Despite the bicep being one of the smaller muscles in the body, it definitely garners major attention at the gym. Bulging arms are a symbol of vitality and strength, sure to get attention from your friends and the ladies. Similarly, arm strength is crucial for many sports and activities, even occasional tasks around the house. If you want bigger stronger arms, whether for functional or aesthetic reasons, you’re going to want to do some bicep exercises.
What’s great about workout out your biceps is that tangible results are often achievable in a relatively short period of time and the fact it’s a smaller muscle group means you can work them out more often than some of the larger muscles without fear of over-training. There’s also a lot of variety when it comes to bicep exercises, making it easier to keep your bicep workout fun. Here are our 8 favorite bicep workouts.
1. Standing Dumbbell Curls
Our favorite of the bunch are standing dumbbell curls. Great for strict isolation of the bicep (keep elbows tight to body) or central nervous system training with heavier weight, dumbbell curls are a great way to build mass and strength in your biceps. The use of dumbbells also ensures you’re giving your right and left sides equal attention. Lastly, secondary muscles in the arm and grip are also tested.
2. Standing Hammer Curls
A cousin of the standing dumbbell curl, the hammer curl helps round out your bicep workout by putting extra emphasis on the forearm and brachialis, the upper arm muscle that lies beneath the bicep and actually generates more of the power when you flex your elbow. We recommend incorporating the hammer curl motion into any bicep workout to round out the development of your arm size and strength.
3. EZ-Bar Preacher Curls
Great for isolating the bicep and preventing unintentional “body english” (swinging, swaying, and other momentum tricks that are possible with standing curls), preacher curls are a staple in many bodybuilder’s repertoire. Because preacher curls isolate the bicep so well, it ensures that you’re being pushed to failure due to the actual bicep muscle and not surrounding secondary muscles or grip.
4. Concentration Curls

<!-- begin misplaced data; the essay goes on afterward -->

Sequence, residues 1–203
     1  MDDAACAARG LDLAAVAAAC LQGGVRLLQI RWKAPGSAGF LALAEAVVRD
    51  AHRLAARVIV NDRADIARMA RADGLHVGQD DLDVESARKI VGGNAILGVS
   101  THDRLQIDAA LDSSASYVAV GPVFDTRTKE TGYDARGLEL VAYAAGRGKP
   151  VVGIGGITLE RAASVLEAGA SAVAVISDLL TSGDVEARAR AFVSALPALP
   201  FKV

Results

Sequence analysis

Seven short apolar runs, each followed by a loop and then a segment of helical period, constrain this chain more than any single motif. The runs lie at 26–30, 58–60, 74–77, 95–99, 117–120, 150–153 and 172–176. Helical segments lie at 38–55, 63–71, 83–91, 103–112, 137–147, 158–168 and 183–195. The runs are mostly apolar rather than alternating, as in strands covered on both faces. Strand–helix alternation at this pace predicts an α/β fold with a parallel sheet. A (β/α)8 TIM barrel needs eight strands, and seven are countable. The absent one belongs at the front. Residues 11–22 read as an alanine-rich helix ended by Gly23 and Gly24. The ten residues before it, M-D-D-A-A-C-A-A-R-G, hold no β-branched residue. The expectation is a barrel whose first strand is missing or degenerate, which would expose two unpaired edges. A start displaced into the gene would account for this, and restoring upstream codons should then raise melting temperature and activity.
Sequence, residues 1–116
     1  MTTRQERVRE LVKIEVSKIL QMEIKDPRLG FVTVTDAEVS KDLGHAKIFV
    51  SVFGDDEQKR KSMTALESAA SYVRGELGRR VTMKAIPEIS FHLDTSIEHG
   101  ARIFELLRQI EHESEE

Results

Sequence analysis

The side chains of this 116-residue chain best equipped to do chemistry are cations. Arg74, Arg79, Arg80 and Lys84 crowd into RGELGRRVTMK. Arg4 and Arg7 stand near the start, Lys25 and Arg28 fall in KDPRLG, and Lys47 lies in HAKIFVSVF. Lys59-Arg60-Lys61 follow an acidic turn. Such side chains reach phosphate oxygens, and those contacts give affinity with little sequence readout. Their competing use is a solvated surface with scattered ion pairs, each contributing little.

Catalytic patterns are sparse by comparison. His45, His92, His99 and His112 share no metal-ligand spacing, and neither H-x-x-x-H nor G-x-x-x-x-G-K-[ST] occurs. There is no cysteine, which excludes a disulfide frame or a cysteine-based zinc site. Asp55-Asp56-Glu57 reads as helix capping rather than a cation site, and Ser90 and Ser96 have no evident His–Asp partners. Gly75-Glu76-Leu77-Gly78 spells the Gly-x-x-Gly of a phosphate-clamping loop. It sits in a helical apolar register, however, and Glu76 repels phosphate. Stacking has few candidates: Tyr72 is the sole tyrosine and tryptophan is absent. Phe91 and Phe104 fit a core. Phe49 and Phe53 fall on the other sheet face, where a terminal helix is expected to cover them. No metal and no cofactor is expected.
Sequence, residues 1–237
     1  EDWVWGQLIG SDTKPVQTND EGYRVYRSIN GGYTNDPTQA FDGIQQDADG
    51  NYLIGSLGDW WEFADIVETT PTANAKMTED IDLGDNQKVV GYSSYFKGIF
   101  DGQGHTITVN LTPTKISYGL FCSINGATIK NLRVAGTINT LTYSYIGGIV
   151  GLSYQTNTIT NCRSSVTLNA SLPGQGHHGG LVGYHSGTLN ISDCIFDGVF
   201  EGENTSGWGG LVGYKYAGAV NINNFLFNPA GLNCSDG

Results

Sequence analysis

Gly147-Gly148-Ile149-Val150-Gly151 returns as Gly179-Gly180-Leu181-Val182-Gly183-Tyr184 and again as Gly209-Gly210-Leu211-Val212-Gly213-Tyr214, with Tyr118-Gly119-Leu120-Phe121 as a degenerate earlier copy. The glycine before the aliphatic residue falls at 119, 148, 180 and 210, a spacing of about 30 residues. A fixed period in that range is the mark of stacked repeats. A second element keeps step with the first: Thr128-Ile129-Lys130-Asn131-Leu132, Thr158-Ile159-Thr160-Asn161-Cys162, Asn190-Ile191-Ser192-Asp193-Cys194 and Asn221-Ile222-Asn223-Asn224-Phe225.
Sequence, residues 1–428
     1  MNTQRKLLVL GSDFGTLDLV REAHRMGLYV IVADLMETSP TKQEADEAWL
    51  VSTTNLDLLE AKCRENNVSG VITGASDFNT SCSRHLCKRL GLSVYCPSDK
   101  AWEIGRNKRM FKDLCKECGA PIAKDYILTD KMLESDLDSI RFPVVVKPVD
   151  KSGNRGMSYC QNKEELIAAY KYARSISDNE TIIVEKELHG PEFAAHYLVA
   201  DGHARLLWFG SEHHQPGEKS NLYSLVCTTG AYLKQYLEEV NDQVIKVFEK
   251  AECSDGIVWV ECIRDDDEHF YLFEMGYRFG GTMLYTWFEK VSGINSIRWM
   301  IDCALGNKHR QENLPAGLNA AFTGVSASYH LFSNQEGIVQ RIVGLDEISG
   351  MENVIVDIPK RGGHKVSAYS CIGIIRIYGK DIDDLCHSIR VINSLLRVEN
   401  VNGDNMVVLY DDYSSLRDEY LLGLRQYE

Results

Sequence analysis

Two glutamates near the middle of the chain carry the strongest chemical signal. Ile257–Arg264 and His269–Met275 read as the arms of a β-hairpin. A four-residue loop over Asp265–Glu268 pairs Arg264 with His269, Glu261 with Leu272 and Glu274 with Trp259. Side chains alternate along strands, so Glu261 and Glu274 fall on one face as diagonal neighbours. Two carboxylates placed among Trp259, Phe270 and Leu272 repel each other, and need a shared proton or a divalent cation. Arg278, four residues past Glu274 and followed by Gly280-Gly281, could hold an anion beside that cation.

With similar bicep isolation properties as preacher curls, concentration curls can be done with dumbbells and somewhere to sit, making them ideal for home workouts. They aren’t only great for that though: the use of dumbbells helps balance left and right arms which is a challenge with EZ-bar preacher curls.
5. Dumbbell Preacher Curls
Combining the bicep isolation benefits of preacher curls with the symmetrical effort of dumbbells, dumbbell preacher curls (using the preacher seat with a dumbbell instead of the EZ-bar) is a great way to work both biceps to failure without worrying about your dominant side compensating for your weak side.
6. Seated Cable Row
While primarily a lat exercise, seated cable row stress the biceps as well. As a compound movement, seated cable rows are a great way to work the big muscles groups with the small. For others still who only focus on the major muscle groups, seated cable rows will ensure that your biceps aren’t completely neglected. They are also an excellent segue into concentrated bicep work on back/bicep day of a traditional workout schedule.
7. Overhead cable curls
Overhead cable curls are a favorite of many bodybuilders due to the similarity the motion has to common poses. This is an excellent bicep exercise for bicep isolation, maintaining tension, and strengthening stabilizer muscles.
8. Reverse grip preacher curls
If your stabilizer muscles and grip could use a boost, try adding reverse grip preacher curls to your bicep exercise list. The reverse grip helps emphasize the forearm and brachialis in addition to the biceps. There are plenty of other bicep exercises that will help you pack on the mass. However, these eight bicep exercises should be more than sufficient to get you the arms you want without too much monotony in your workouts. If you’re into health and fitness, be sure to check back regularly for more content or join our mailing list to get updated when we release new articles.